Brand management is critical. You don’t want consumers interacting with services that show your company in a poor light. When you’re a services company like Google, your reputation depends on people having good experiences using apps like GMail and Youtube.
Which is why I find Google’s current strategy of ignoring Windows Phone so interesting. Yes, I understand the official reasoning, you don’t support an OS with so few users until it’s popular enough to force you to support it. Much like how Google NEEDS to be on iOS. Though it’s a somewhat childish corporate tactic ignoring Windows Phone, hoping it’ll just go away.
Unfortunately for Google, Microsoft is the new number three smartphone ecosystem, showing fairly strong growth in Europe, and by buying Nokia they open up an entire market of potential customers around the world. Plenty of markets where low cost Lumias will start to show up against locally-made entry-level Android fare.
We’ve seen Google end support for Exchange which upset how calendar and contact info was synced on Windows 8, and now their current squabble is over Youtube. Google has refused to release any of their own services as apps for Windows Phone. No Voice. No Maps. No Now. No Gmail. No Docs. Nothing. Many of these are being replaced by third party developers, but Youtube was special. Microsoft delivered a pretty decent Youtube app for Windows Phone. Google broke the app by revoking the developer key, citing some conflict that the app wasn’t “fully featured” enough.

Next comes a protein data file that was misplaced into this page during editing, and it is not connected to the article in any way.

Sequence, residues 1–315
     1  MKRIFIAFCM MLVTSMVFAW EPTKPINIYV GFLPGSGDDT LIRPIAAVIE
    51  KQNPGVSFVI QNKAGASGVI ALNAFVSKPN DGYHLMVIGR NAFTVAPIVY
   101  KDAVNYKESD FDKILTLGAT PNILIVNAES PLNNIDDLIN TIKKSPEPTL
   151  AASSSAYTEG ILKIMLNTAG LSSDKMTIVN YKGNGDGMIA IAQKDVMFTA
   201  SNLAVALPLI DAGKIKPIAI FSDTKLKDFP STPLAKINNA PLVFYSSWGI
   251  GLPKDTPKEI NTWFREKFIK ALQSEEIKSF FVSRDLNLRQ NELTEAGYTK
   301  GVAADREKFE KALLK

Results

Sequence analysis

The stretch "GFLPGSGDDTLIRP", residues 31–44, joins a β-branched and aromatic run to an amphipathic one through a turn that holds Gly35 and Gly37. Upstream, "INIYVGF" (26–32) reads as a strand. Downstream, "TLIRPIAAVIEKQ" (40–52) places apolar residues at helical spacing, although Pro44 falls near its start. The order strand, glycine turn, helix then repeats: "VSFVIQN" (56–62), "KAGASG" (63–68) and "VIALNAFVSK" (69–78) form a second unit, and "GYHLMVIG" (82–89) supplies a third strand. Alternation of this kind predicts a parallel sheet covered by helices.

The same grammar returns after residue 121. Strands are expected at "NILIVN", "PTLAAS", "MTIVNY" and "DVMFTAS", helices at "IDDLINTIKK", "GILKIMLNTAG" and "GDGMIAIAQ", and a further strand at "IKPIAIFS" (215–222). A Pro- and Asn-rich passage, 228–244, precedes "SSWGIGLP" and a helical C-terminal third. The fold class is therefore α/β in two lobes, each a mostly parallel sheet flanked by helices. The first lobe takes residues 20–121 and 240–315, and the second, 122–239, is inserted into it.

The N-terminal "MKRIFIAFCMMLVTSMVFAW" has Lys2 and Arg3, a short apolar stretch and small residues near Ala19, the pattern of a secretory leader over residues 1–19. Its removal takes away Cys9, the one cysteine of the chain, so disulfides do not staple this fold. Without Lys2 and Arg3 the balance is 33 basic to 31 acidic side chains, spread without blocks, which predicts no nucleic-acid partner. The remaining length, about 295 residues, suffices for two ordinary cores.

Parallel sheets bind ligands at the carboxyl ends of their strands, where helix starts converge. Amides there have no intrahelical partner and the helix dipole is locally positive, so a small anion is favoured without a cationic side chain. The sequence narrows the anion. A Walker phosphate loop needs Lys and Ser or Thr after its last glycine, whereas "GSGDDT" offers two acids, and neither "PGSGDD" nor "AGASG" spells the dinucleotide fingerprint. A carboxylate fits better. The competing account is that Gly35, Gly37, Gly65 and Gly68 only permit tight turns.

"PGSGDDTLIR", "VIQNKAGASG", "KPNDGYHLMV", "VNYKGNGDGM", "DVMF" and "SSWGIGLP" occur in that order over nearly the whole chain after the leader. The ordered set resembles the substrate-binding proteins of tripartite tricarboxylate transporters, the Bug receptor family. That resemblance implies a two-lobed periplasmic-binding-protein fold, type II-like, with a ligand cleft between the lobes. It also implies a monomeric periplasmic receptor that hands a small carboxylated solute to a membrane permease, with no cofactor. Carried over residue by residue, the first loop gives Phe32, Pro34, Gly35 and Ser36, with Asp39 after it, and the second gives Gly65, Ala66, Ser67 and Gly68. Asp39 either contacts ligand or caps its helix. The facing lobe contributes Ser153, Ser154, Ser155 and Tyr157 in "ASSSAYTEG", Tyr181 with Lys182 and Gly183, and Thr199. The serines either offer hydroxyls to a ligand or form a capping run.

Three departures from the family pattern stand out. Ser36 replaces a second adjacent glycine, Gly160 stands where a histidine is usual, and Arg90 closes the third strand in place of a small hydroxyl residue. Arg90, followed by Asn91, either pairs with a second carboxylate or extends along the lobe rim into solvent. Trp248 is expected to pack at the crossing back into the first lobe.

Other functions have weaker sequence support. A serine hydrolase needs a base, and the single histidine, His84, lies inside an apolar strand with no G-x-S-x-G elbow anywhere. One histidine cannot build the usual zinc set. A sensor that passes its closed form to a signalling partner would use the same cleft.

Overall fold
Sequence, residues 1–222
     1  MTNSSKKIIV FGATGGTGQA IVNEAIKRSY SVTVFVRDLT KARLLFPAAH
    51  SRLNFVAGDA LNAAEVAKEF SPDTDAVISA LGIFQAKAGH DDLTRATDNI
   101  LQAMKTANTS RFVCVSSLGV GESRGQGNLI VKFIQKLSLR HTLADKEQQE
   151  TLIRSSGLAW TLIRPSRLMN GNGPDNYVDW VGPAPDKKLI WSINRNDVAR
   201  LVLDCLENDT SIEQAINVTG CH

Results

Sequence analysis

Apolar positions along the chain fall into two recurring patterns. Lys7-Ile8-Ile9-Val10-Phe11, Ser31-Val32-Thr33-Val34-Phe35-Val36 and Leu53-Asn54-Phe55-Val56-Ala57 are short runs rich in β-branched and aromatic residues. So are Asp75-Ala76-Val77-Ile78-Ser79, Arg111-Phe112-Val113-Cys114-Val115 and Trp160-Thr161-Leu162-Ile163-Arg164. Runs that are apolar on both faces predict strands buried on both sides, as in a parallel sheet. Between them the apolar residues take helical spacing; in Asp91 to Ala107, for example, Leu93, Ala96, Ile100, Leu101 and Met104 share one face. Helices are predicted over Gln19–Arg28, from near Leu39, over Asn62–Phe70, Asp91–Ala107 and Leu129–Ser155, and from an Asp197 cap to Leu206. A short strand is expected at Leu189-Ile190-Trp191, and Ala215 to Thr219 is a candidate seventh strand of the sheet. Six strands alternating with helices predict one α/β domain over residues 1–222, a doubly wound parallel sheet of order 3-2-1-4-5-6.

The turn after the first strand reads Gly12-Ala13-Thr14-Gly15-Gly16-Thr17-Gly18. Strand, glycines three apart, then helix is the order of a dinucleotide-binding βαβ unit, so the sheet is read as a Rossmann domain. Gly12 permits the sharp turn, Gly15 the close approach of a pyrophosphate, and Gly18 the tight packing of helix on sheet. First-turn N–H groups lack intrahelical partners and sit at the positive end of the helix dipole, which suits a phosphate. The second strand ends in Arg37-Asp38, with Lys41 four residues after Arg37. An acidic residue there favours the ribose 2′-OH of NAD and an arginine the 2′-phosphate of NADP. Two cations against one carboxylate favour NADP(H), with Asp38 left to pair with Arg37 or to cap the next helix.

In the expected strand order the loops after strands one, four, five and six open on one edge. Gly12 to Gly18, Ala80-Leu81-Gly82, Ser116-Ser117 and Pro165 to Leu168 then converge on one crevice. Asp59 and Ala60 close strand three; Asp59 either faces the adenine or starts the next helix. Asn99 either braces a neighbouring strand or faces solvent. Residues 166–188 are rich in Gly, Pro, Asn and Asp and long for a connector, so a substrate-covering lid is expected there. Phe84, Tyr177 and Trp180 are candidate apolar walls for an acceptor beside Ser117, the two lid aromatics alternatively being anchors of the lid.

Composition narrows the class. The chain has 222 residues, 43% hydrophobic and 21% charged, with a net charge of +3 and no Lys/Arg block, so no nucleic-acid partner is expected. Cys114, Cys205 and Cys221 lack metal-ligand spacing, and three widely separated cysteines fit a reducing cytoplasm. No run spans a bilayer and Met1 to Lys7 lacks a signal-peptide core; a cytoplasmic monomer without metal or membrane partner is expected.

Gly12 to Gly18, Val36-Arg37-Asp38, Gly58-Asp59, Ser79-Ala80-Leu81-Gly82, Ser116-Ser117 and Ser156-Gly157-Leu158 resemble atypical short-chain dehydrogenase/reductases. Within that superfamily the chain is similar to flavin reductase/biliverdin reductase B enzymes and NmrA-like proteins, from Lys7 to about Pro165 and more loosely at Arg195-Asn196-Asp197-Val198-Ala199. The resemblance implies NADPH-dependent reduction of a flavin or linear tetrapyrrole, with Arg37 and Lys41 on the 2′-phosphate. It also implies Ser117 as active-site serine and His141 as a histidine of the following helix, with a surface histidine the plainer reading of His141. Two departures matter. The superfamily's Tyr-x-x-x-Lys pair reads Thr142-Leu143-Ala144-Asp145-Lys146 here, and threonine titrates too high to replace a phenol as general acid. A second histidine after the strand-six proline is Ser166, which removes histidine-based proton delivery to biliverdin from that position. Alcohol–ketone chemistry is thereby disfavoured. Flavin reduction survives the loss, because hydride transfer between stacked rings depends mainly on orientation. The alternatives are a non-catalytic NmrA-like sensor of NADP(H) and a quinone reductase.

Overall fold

Now it would seem that negotiations between Google and Microsoft have broken down even further. Now in its place, the official Windows Phone Youtube app (from Microsoft) is essentially just a web portal, a lame version of the experience you’d have firing up the browser.
And for what?
You might win some people over to Android by making Google services painful to use on Windows Phone, but you’re equally likely to just piss other people off. For my own personal use, I try to only leave the house with one phone at a time. If I’m reviewing a Windows Phone for the day, what happens? I interact with Google services less. I post on Twitter and Facebook a LOT more than I do on G+. Funny how it works out that way.
Google doesn’t make money on Android directly. They make money on advertising and mining user data. Ignoring Windows Phone wont make it disappear. Microsoft is perfectly content to lose money building a reputation over years. Yes, you’d be developing for a smaller user base, but why not get that community’s data too?
Much like how Google will be sneaking Chrome OS onto Windows 8 computers,why not infect every Windows Phone with Google apps and services. If you really want to cut Microsoft off at the knees, take users away from HERE maps and Microsoft Office. Offer up better gaming services than the still somewhat lame XBox integration. Google might even be doing some of their hardware partners a favor as Microsoft makes more money per phone on Android patent agreements than it does on Windows Phone 8 licenses.
Let Microsoft do all the heavy lifting getting a device to market. Let them convince people that it’s a solid alternative to the current Apple/Samsung battle. Then take all their users away with software, clouds, and apps. Now’s the time to do it, while Microsoft is a weak third place competitor in the United States. This Trojan Horse style combat becomes harder as Microsoft becomes a stronger third place and consumers realize the Live, HERE maps, and Skype work pretty well…